Cane Fields and Harvest

This is a crucial stage in MHOBA‘s rum making and a major part of what differentiates them from a molasses producer or even a cane juice producer buying juice from someone else. The varietals that do well in their area were developed by the South African Sugarcane Research Institute (SASRI) which makes them unique internationally, and when combined with the local climate, soil type, magnesium rich water and local microbials gives MHOBA rums a most definite, distinctive and unique terroir.

Very few people (even in the international rum geek fraternity) really understand how much work goes in to being a true “Farm to Bottle” producer. They plant their own cane, grow their own cane, cut and de-trash their own cane by hand and then shred and juice the cane using manually operated, hand fed machinery. There is a massive amount of work, all done by the MHOBA team, that goes in to producing each and every litre of their pure sugarcane juice wash. Once a tank of freshly squeezed juice is fermenting, the rest of the rum making process is then relatively easy in comparison to getting that juice ready for the yeast.

Another thing worthy of note is that MHOBA have begun the process of becoming accredited as the first fully organic sugarcane producer in South Africa.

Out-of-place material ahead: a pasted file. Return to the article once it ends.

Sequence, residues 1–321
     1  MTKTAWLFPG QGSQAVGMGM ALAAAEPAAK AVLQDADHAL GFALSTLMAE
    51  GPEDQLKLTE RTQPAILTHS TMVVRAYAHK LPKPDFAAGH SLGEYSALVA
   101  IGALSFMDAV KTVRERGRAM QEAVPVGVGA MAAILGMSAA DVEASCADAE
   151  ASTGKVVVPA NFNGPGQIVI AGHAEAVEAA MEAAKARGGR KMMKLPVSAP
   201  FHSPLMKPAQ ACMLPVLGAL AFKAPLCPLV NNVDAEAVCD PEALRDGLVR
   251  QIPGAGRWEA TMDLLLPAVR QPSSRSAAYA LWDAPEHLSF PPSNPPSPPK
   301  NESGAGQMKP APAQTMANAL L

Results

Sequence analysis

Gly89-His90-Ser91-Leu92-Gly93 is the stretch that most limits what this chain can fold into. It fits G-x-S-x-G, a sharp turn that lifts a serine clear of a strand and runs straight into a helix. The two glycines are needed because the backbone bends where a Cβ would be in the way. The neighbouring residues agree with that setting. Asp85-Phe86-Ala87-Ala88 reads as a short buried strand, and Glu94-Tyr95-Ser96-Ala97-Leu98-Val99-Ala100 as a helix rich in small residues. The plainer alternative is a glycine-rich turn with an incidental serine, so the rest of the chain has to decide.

Sugarcane Pressing

Robert has built two types of cane presses in the last 6 years. The first was a more conventional roll type press which had two counter rotating large steel wheels which squeeze the cane sticks between them. This old press is no longer in use, though is pictured below:

Original Redundant Cane Press

Press Feed Conveyor

Cane Press Location

They utilised the rotating roller press for about two years before Robert designed and then built the current press, which is totally unique. He have never heard of anyone else using a press of this type. The press works on a batch principle which makes it slower in terms of cane throughput, but it is significantly more effective in extracting the juice from the cane. It is basically a large, thick walled steel pipe which is filled with pre-shredded sugarcane. This shredded cane is then pressed with a hydraulic plunger which presses the shredded cane with a force equivalent to a weight of about 60 tonnes.

Removing Spent Bagasse

The process of juicing sugarcane at MHOBA is as follows:

  • After cutting and de-trashing (removal of the cane stick tops and leaves which contain no juice) cane by hand it is placed in heaps in the fields which are again loaded by hand on to a small tractor-trailer which delivers the freshly cut cane to the cane press
  • The cane sticks are hand fed into a hammer mill which shreds the cane into a more compressible coarse pulp. This pulp fills a stainless steel hopper or bin which is the correct volume to fill the press
  • Once the feed bin is full the hammer mill is stopped and the hopper contents are fed by conveyor belt in to the barrel of the press
  • The full press barrel is then moved sideways into the press position underneath the hydraulic ram and the ram moves downwards by means of a hydraulic cylinder and compresses the shredded cane at the bottom of the barrel